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evidence that the Police were proactively engaging in a determination of specific facts to dispel the notion that the defendant was not trespassing. Thus, there is no evidence presented that Officer Sixto selected the two cousins as witnesses to investigate the defendant’s claim that he was visiting Ms. Smerglio and Ms. Morales. In fact, given the police report, it seems these two approached the police, not the other way around. JA 145 and 156. In addition, the Government’s timeline of events is not supported by the record and this Court should accept the conclusion of the District Court that “[a]s the testimony and police reports establish, Officer Suda had already called for the canine unit to come and search the car for narcotics before Smerglio and Tammy Morales arrived at the scene and identified themselves as Pressley’s cousins and indicated that he was at the Complex visiting them.” JA, 189. There was no indication on this record that the trespassing investigation continued while the police awaited the arrival of the drug detecting dog. The District Court properly found that Norwalk Police’s conduct and arrest violated Mr. Pressley Fourth Amendments Rights to be free of an unlawful search and seizure. The District Court decision is well reasoned, consistent with United States Supreme and Second Circuit Court of Appeals precedent, and judiciously parses the events that took place that day. Given the evidence presented both below and now again on appeal, the District Court properly found the facts, applied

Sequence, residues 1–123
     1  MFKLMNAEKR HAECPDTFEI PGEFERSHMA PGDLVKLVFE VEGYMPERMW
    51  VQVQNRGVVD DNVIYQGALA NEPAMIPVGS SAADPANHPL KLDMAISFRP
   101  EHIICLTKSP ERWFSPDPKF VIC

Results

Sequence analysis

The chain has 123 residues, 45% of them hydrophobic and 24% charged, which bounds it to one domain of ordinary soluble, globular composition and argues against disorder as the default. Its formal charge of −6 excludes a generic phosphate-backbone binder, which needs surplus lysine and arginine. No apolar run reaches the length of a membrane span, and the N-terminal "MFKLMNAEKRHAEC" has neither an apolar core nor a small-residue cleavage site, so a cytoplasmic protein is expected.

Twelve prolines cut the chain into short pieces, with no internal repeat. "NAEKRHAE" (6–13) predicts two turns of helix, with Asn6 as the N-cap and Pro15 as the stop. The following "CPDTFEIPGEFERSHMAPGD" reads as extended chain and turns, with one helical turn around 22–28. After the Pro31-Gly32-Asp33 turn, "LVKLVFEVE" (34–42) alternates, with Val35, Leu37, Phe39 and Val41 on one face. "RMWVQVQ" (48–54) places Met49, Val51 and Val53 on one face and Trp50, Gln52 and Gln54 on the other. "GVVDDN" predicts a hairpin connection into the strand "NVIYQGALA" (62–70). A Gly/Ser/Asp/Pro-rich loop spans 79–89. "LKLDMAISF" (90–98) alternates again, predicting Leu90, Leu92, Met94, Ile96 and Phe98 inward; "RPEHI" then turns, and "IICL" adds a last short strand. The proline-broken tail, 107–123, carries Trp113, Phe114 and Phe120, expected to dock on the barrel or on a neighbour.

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the law, and exercised proper discretion. This Court should affirm the District Court decision to dismiss all charges. II. As an alternate grounds for affirmance, this Court should suppress the evidence from search without a warrant because the initial detention for trespassing was unlawful because the defendant’s two cousins reported to police that they permitted the defendant access to the housing complex, and the defendant was licensed to be on the property dispelling any reasonable police suspicion the defendant was trespassing. As the Government notes, the District Court in this case found that the officer’s had a reasonable suspicion that Mr. Pressley was trespassing at the Roodner Complex based on specific and articulable facts of his prior trespasses and were justified in detaining him. Government Brief, p. 20. The Government takes this position even though Norwalk Police knew that Mr. Pressley was visiting his cousin, Ms. Morales. Id, 21. The Government even concedes that it is possible that this Court may agree with this argument and that without a valid trespassing investigation, the Police had no basis to continue the narcotics investigation. Government Brief, p. 26 n. 7. Thus, if this Court finds that the Government should prevail on appeal, the defendant asserts that the evidence in this case should be suppressed because once Tammy Morales informed Officer Sixto and Officer Collins Mr. Pressley was visiting her, the officer’s reasonable suspicion that Mr. Pressley was trespassing was dispelled.